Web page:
#15 ::: Doug ::: (view all by) ::: January 27, 2010, 01:48 AM:

No, No, Not Rogozov!

#16 ::: Doug ::: (view all by) ::: January 27, 2010, 01:52 AM:

This is just to say

I have removed
the appendix
that was in
my midsection

because it
was bothering me
so much
this morning.

Nichevo
a job like
any other
if cold.

#17 ::: Matt Austern ::: (view all by) ::: January 27, 2010, 01:59 AM:

Antarctica seems to be the place to find stories of medical heroism. There's also the doctor who operated on herself for breast cancer a decade or so ago.

#18 ::: Earl Cooley III ::: (view all by) ::: January 27, 2010, 04:06 AM:

Her name was Dr. Jerri Nielsen Fitzgerald.

#19 ::: Nicholas Whyte ::: (view all by) ::: January 27, 2010, 04:39 AM:

Yeah, a distant cousin of mine supposedly also did an auto-appendectomy somewhere in the tropics about 80 years ago. I suspect that if you have the tools, the drugs, and a reliable assistant or two it is relatively straightforward. As far as these things can be, of course, which is not very far.

#20 ::: Jon Meltzer ::: (view all by) ::: January 27, 2010, 06:53 AM:

#17: Remade as an episode of House, though Dr. Fitzgerald didn't have a misanthropic medical genius to remotely assist her over the Internet.

#21 ::: dcb ::: (view all by) ::: January 27, 2010, 08:19 AM:

The other article (not for the squeamish) on the .pdf, speculating why torniquet-induced (ischaemic) numbing was not considered for use in pre-anaesthetic amputations is also interesting.

#22 ::: NelC ::: (view all by) ::: January 27, 2010, 09:46 AM:

And wasn't there a solo climber, sometime in the last few years, who got his arm caught, and after a couple of days stuck on the rockface, determined that the only way to get himself free before exposure took him was to cut the arm off?

Oh, yeah, here it is.

#23 ::: Linkmeister ::: (view all by) ::: January 27, 2010, 01:22 PM:

Hey! I posted a comment to this post which got sent to moderation, even though there was nary a URL in it. That was 12 hours ago!

#24 ::: Xopher ::: (view all by) ::: January 27, 2010, 01:31 PM:

Was it about home penis-enlargment surgery?

#25 ::: abi ::: (view all by) ::: January 27, 2010, 01:58 PM:

It's up, at #14.

It was blocked because we have an aversion to square brackets.

The usual explanation is that some spammers use them as part of bbcode-formatted comments, which is a clear sign that someone is Not Posting Original Thoughts.

The real explanation is that square brackets remind a member of the moderation team* of that incident with the Templar, the wet coelacanth and the rubber underwear. One can get flashbacks to moments like that from the oddest things. So we deprecate their use out of charity of spirit.

Or maybe they could be used to make a bomb. Yeah, that's it.
-----
* Not me, nosiree. I was behind the camera for that one.

#26 ::: Linkmeister ::: (view all by) ::: January 27, 2010, 02:10 PM:

Ah. Thanks, abi. Next time I quote from Wiki I'll delete the footnote references.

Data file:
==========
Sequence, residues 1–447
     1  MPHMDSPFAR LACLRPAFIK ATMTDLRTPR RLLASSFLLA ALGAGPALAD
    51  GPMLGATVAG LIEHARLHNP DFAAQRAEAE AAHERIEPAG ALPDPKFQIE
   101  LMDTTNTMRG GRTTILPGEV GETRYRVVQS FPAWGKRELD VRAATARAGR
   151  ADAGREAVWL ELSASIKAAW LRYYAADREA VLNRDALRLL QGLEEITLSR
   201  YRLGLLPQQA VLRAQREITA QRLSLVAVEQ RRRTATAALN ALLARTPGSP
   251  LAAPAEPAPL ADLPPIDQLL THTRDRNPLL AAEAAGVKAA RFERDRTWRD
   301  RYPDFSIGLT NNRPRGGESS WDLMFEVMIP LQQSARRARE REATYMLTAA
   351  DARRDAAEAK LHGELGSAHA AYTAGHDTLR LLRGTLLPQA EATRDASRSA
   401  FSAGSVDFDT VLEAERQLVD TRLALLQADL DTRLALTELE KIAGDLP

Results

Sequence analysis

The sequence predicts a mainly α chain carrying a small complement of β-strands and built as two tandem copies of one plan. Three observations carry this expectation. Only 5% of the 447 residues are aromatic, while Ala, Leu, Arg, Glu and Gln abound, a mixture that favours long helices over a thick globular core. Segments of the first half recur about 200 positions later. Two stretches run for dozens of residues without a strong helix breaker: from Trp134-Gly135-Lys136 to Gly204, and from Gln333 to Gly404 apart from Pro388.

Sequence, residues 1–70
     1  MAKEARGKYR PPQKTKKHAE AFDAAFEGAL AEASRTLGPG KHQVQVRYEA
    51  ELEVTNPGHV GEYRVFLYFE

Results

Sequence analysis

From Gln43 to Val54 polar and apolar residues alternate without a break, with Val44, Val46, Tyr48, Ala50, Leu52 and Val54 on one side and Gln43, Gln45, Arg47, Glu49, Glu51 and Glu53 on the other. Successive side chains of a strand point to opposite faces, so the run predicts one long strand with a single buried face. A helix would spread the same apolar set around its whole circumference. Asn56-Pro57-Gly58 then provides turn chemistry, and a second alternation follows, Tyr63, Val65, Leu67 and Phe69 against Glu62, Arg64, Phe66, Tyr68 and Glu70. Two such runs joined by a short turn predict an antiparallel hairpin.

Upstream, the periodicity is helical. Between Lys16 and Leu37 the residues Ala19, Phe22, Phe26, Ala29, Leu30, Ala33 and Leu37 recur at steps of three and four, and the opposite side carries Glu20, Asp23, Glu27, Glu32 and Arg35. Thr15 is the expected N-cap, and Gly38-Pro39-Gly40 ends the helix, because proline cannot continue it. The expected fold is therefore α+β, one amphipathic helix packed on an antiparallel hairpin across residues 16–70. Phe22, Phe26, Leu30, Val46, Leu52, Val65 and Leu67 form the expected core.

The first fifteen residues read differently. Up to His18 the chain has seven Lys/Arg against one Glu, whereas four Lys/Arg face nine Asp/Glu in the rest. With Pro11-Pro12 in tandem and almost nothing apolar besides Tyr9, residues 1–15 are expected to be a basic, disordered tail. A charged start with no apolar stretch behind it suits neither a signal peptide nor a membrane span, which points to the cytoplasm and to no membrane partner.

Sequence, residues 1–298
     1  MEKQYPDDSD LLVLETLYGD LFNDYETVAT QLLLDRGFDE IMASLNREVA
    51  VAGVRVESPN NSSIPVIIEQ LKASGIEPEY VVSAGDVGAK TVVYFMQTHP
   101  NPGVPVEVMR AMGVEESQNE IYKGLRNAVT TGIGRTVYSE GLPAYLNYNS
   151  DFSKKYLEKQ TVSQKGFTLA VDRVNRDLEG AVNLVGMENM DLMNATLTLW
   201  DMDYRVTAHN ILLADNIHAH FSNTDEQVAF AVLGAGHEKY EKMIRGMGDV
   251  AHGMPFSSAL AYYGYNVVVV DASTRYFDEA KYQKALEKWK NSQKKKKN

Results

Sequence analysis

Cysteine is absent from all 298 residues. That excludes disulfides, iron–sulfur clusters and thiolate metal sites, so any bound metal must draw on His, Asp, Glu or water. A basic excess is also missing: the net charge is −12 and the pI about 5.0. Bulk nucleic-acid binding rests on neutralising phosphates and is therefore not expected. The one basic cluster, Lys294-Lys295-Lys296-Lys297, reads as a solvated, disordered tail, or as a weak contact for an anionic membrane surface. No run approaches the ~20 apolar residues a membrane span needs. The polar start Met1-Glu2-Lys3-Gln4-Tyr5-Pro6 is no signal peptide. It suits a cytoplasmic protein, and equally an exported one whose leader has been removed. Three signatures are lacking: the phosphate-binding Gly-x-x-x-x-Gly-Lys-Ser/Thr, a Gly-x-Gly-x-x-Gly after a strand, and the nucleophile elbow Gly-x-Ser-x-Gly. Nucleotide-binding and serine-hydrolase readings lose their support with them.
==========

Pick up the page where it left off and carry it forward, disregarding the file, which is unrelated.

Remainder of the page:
#27 ::: Serge ::: (view all by) ::: January 27, 2010, 02:28 PM:

abi @ 25... we have an aversion to square brackets

We much prefer his cousin Leigh brackett.

#28 ::: dcb ::: (view all by) ::: January 27, 2010, 05:09 PM:

Scrolling through just now I was wondering how I'd missed reading that comment earlier...

#29 ::: Janet Lafler ::: (view all by) ::: January 27, 2010, 08:05 PM:

In 2003, a man named Aron Ralston amputated his own lower arm and hand after a hiking accident. He was hiking solo when his arm and hand got pinned between a couple of rocks and he couldn't get free. He waited a few days before doing it -- by that time his hand was pretty much dead anyway, which presumably meant less pain. But still.

#30 ::: A.J. Luxton ::: (view all by) ::: January 29, 2010, 03:16 AM:

From the sound of it, "a job like any other" may simply be the description of how he handled it mentally. Procedural learning and memory are very nifty things, and when they kick in, they tend to kick everything else out. Think of a time you've, say, driven a car without really thinking about it.

#31 ::: Henry Troup ::: (view all by) ::: January 29, 2010, 07:46 AM:

My father told me that his copy of Scouting for Boys had a detailed procedure for an appendectomy (using a Scout knife, of course.) Certainly my centennial reprint had a place where that could have appeared. Instead there was apparently modern advice to get help fast.

Google doesn't find that. (But the first successful appendectomy was in 1885, apparently.)

#32 ::: fidelio see unmistakeable spam ::: (view all by) ::: February 18, 2010, 11:31 AM:

with a link and everything.

No, we do not want your streaming movies. We can find our own movies. Beat it.

#33 ::: Earl Cooley III ::: (view all by) ::: February 18, 2010, 11:57 AM:

Earlier than that: 1735, by Claudius Amyand. I thought you were going to mention 1885 as the first successful appendectomy by a Boy Scout in the field, but that predates the modern start of the Scouting movement. heh.

#34 ::: fidelio sees SPAM SPAM SPAMMITY SPAM ::: (view all by) ::: February 18, 2010, 03:21 PM:

Yoo-hoo! Over here!

Seriously. That William Smith there? Single post, name links to a streaming movie site with FREE! movies?

#35 ::: abi ::: (view all by) ::: February 18, 2010, 03:41 PM:

fidelio @35:

We get to these things when we can. Sometimes there's real life and stuff in the way. Be patient for more than 4 hours.

Love and kisses,
Abi with three hours' sleep last night, and a full day's work thereafter, now trying to pack for a trip.